C2: A presentation from the Open Server Summit openly predicts that standards such as ATCA are on their way out: too expensive, too much/too late, and just not fast enough technological evolution to keep pace with the market. Your thoughts?

Joe: That presentation’s conclusion notes the need for an ecosystem of COTS hardware tuned to meet the needs of the communications service providers (rather than enterprise) [See above]. PICMG and other standards organizations play a key role in making sure that multivendor interoperability will be maintained in this emerging ecosystem.

ATCA is a long way from being on the way out. It remains the most popular open hardware platform used in telecom today. What is changing is the software that runs on it. SDN and NFV allow more flexibility without replacing or adding hardware. PICMG began work about two years ago to define a next-generation platform that was bigger, faster, more extensible and generally meaner than ATCA. We talked to a number of CSPs, and they indicated their highest priority now isn’t new hardware per se, but rather increasing their networks throughput. Video, which is expected to be over 80% of telecom network traffic in a few years, is a data hog when compared to simple voice communications. Verizon told us that it needs to increase its network throughput 60% per year for the foreseeable future. That is a staggering 10x increase in just five years and 100x in 10 years. So PICMG is focusing on improving the existing platforms like ATCA through technologies like video acceleration and 100G data transfer. At 40G, the current top speed specified for ATCA, a full mesh, 16-slot system is capable of handling just over 10 terabits of information per second. As I mentioned earlier, high availability and high system reliability are proven features of ATCA, and there aren’t any other open standards out there that can provide that.

C2: I’ve recently noted how the Internet’s evolving from big core/central servers to disaggregated and heterogeneous local intelligence and processing. From Intelligent Gateways (Intel’s term) to CPU + GPGPU (AMD’s APUs) to ARM’s latest A72 to Qualcomm’s ante up…. the Internet’s data-packet-centric architecture’s changing. What are the ramifications to standards groups like PICMG?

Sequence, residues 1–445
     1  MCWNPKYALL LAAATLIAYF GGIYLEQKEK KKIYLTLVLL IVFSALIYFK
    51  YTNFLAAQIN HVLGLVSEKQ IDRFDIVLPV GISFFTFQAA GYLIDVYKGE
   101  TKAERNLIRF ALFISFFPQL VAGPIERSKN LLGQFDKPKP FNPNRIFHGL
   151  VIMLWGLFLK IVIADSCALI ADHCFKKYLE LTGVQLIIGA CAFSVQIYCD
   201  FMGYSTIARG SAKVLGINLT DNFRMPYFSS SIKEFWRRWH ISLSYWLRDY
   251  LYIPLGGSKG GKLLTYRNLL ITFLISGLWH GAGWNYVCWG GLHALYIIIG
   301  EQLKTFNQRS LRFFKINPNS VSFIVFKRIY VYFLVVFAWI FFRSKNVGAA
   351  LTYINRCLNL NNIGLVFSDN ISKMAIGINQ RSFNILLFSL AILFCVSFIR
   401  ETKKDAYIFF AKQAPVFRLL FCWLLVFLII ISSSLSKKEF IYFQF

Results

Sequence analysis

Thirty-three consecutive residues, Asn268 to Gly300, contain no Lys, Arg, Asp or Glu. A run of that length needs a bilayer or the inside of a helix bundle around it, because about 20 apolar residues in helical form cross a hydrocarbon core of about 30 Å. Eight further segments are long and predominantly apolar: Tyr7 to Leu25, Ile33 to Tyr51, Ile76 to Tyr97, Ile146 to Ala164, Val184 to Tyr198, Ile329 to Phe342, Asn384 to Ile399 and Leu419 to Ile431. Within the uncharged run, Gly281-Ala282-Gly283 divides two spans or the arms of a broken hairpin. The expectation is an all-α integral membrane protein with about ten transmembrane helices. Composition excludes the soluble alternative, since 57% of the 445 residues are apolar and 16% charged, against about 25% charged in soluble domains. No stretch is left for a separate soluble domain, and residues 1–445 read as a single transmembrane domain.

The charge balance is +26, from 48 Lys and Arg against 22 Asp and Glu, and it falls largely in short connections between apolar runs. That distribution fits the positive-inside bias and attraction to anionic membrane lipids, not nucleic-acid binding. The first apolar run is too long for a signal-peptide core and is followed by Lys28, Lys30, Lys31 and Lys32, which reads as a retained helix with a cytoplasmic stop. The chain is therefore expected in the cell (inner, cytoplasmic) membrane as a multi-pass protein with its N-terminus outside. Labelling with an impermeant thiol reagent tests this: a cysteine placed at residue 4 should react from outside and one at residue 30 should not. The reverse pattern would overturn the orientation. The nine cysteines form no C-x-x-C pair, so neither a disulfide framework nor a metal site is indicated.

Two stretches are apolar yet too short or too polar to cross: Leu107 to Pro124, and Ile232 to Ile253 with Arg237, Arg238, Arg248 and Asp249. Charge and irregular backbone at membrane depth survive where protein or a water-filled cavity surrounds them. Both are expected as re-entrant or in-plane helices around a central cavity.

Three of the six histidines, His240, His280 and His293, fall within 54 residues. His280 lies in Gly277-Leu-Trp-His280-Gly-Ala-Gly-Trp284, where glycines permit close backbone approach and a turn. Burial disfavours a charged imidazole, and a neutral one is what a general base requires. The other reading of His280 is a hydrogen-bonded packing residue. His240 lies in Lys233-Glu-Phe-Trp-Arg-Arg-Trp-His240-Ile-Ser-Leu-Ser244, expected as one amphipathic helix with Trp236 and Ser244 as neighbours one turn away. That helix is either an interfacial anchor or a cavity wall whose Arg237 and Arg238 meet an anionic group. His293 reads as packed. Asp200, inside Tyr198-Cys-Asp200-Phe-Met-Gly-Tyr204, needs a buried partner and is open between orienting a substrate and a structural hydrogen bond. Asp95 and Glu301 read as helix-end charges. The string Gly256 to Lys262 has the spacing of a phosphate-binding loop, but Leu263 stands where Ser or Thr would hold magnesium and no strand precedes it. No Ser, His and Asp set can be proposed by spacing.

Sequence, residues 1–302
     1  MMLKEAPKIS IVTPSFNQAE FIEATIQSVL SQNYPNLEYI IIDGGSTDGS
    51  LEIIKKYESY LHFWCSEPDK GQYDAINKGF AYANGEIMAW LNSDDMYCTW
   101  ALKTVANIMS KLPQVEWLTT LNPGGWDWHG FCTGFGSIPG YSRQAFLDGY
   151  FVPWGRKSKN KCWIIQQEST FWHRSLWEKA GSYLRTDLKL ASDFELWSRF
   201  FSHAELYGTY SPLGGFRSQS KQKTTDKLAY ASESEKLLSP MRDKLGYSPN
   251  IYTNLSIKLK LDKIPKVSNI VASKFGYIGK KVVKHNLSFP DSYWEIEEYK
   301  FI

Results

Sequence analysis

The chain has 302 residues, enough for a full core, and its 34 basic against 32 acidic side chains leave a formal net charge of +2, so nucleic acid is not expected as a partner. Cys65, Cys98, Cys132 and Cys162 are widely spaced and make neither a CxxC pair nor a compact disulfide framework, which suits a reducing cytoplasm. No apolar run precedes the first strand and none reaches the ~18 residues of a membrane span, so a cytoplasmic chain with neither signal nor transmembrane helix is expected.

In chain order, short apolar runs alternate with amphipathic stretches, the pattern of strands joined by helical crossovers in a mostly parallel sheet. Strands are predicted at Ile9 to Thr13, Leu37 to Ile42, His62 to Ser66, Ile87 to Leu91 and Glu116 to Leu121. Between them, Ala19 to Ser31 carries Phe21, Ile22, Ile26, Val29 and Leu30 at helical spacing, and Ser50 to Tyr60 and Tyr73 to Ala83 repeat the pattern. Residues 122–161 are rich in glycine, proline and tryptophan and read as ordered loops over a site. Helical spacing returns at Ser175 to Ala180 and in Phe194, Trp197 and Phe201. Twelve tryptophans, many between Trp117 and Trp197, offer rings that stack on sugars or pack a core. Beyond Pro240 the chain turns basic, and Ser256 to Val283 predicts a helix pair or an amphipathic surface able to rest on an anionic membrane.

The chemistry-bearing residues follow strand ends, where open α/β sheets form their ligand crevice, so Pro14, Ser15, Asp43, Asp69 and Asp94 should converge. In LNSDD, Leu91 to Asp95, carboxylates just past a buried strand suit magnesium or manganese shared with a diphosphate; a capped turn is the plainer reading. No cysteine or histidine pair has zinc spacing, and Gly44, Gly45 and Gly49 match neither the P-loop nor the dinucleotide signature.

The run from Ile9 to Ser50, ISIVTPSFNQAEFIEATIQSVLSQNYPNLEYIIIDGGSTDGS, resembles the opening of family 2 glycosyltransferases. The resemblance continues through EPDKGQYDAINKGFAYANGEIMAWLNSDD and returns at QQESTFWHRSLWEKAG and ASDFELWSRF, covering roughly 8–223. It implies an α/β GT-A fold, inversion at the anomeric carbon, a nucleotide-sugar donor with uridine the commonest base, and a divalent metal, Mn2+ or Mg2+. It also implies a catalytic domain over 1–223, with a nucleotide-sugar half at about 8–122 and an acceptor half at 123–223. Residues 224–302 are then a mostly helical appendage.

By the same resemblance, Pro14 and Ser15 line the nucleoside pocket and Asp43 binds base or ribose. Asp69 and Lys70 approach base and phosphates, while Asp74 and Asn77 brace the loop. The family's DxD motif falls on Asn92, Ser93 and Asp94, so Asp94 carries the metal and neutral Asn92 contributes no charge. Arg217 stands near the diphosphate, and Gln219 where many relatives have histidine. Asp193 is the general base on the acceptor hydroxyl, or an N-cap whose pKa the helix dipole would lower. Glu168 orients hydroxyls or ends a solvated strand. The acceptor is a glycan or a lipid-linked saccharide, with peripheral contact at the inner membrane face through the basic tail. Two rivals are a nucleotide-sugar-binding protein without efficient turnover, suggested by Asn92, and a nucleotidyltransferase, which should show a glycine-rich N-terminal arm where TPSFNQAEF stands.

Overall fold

Joe: The Internet is a big place with many technologies and players. The trends that you mention are only a few of the explorations that are going on as operators strive to reduce expenses and provide new revenue streams and services.

The need for standards organizations does not diminish with the acceleration of innovation. To the contrary, industry specifications promote multivendor interoperability and help prevent ecosystem fragmentation. PICMG’s role as a standards organization is to bring industry players together in a safe harbor where meaningful specifications are developed.

C2: Is PICMG’s day in the sun over?

Joe: Quite the opposite, in fact. PICMG has been active and producing specifications wanted by our members for over 20 years. Unlike many of the “one trick pony” standards organizations that pop up, release one or two things, and then disappear, PICMG is stable. Our processes are well proven and our intellectual property policies are strong. It is true we are putting most of our efforts on new revisions of existing standards right now and not working much on very new and exciting stuff. That’s a cycle that changes every few years.


ciufo_chrisChris A. Ciufo is editor-in-chief for embedded content at Extension Media, which includes the EECatalog print and digital publications and website, Embedded Intel® Solutions, and other related blogs and embedded channels. He has 29 years of embedded technology experience, and has degrees in electrical engineering, and in materials science, emphasizing solid-state physics. He can be reached at